The Pew Fellows Program in Marine Conservation seeks to connect sound science with policy. Kerry Sink, a 2016 fellow and principal scientist at the South African National Biodiversity Institute, has excelled at that difficult task. She played a key role in South Africa’s recently formalized plan to set aside 5 percent of its ocean space as marine protected areas (MPAs), with a goal of reaching 10 percent. The Pew Charitable Trusts recently talked to Sink about this achievement.
This interview has been edited for clarity and length.
Q: What are the latest developments in South African marine conservation?
A: On Thursday, May 24, South Africa officially proclaimed 20 new MPAs, setting aside 5 percent of its waters. The new protections will take effect August 1, 2019.
The final push was in 2018, and it came from an unexpected meeting. Sadly, our Minister of Environmental Affairs had passed away in September, and we thought that would set our efforts back years. But less than a month later, I got a WhatsApp message saying, “Please meet the Acting Environment Minister at 3 p.m. today.” The next day we were standing in Cabinet presenting our proposed network of 20 MPAs. Two weeks later, the full Cabinet had all signed off.
Q: How did you first become interested in marine biology?
A: I grew up in Durban, South Africa. My mom was a model for a suntan lotion company, a bronze and beautiful person who loved to be by the sea. She used to fetch me from primary school almost every day at lunchtime and take me to the beach. I would go snorkeling by the pier, where I taught myself to track animals on the seabed. What really drew me in was the detail, how if you looked closely you could even find the tiny footprints of starfish.
That’s where my passion for the ocean was born. At the age of 12, I did a school project on marine life at the Durban aquarium. And then at the age of 14, I began volunteering at the Oceanographic Research Institute, which officially launched my career studying the biology of the sea.
Q: What work on marine protection in South Africa had you done before your Pew fellowship?
A: Between 2006 and 2010, I led a collaborative project to design a network of offshore MPAs in South Africa. This involved a lot of staring at maps, poring over survey data, and talking to fishers, industry representatives, and government officials. We developed more than 500 map layers to plan protection while accounting for offshore industry needs.
Through this effort, we identified the jewels of South Africa’s marine environment—places like the offshore iSimangaliso Wetland Park, from the Zulu word for “miracle and wonder,” on the east coast of KwaZulu-Natal, South Africa. It’s home to ancient coelacanths, sea turtles, and coral reefs that draw tens of thousands of divers each year. There’s also Cape Canyon, an enormous underwater “Grand Canyon” where whales and seabirds gather to feed, and the Agulhas bank pinnacles, where the world’s largest sea breams come together to spawn.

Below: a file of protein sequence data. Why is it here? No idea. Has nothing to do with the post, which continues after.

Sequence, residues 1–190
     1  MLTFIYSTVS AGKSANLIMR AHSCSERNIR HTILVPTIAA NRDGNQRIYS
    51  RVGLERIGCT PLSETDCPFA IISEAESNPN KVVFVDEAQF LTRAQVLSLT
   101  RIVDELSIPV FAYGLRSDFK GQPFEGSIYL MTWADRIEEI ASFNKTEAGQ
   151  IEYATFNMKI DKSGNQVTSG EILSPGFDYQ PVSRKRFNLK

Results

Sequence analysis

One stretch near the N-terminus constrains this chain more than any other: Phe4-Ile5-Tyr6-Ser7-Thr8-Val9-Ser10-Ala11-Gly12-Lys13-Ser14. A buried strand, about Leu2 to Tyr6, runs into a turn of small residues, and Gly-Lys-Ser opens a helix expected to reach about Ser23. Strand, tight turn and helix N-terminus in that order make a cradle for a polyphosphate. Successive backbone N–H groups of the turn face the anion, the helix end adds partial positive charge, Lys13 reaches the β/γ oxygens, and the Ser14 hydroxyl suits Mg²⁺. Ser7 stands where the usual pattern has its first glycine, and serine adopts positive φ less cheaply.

In 2014, I revived this work by linking up with a South African presidential initiative called Operation Phakisa—that’s a Sesotho word meaning “hurry up.” I joined a six-week “laboratory”—really, an extended conversation among hundreds of ocean stakeholders and officials, including 17 government ministers. We were basically locked in a hotel for six weeks to craft a plan for a sustainable ocean economy.
Q: What was the focus of your Pew marine fellowship?
A: I wanted to translate my research and Phakisa plans into implementation. That meant refining the proposals we [developed] in the laboratory, and then engaging with government and stakeholders to help them understand their value and to make compromises where necessary. For example, we accepted changes to several proposed protected areas to keep important fishing grounds or mining areas open.
One important result was that the petroleum industry accepted the idea of an MPA network because it meant streamlined environmental review outside the protected areas. Protecting some areas helped free up others for development, with simplified processes to achieve that.
We also shared our work through a website and a short film targeting Cabinet officials and the public.
The Pew fellowship allowed me to be the bridge from science to policy. Traditional science funders wouldn’t have given me the same level of investment and confidence that Pew did, and the experience has been transformative. Pew allowed me to make every meeting, take every step, and scale up communications to reach everyone we needed to.
Q: What other factors do you feel are vital to scientists seeking to influence conservation policy?
A: Be inclusive, seek out the perspectives of people who are different. Diversity in race, gender, and age is key to human resilience, just like diversity of species is critical to a healthy, functioning ecosystem. I saw direct evidence of this while making the case for marine protected areas. We tried all kinds of arguments that didn’t have traction with some groups and political leaders. But drawing from wisdom from the grandmothers of Xhosa, Swazi, and Zulu students in my team, we were able to reframe protection with greater emphasis on the spiritual power of the sea, the fragility of ecosystems and the benefits for future generations. Diversity is not just a buzzword; it has immense practical value.
Polita Glynn directs the Pew Fellows Program in Marine Conservation.
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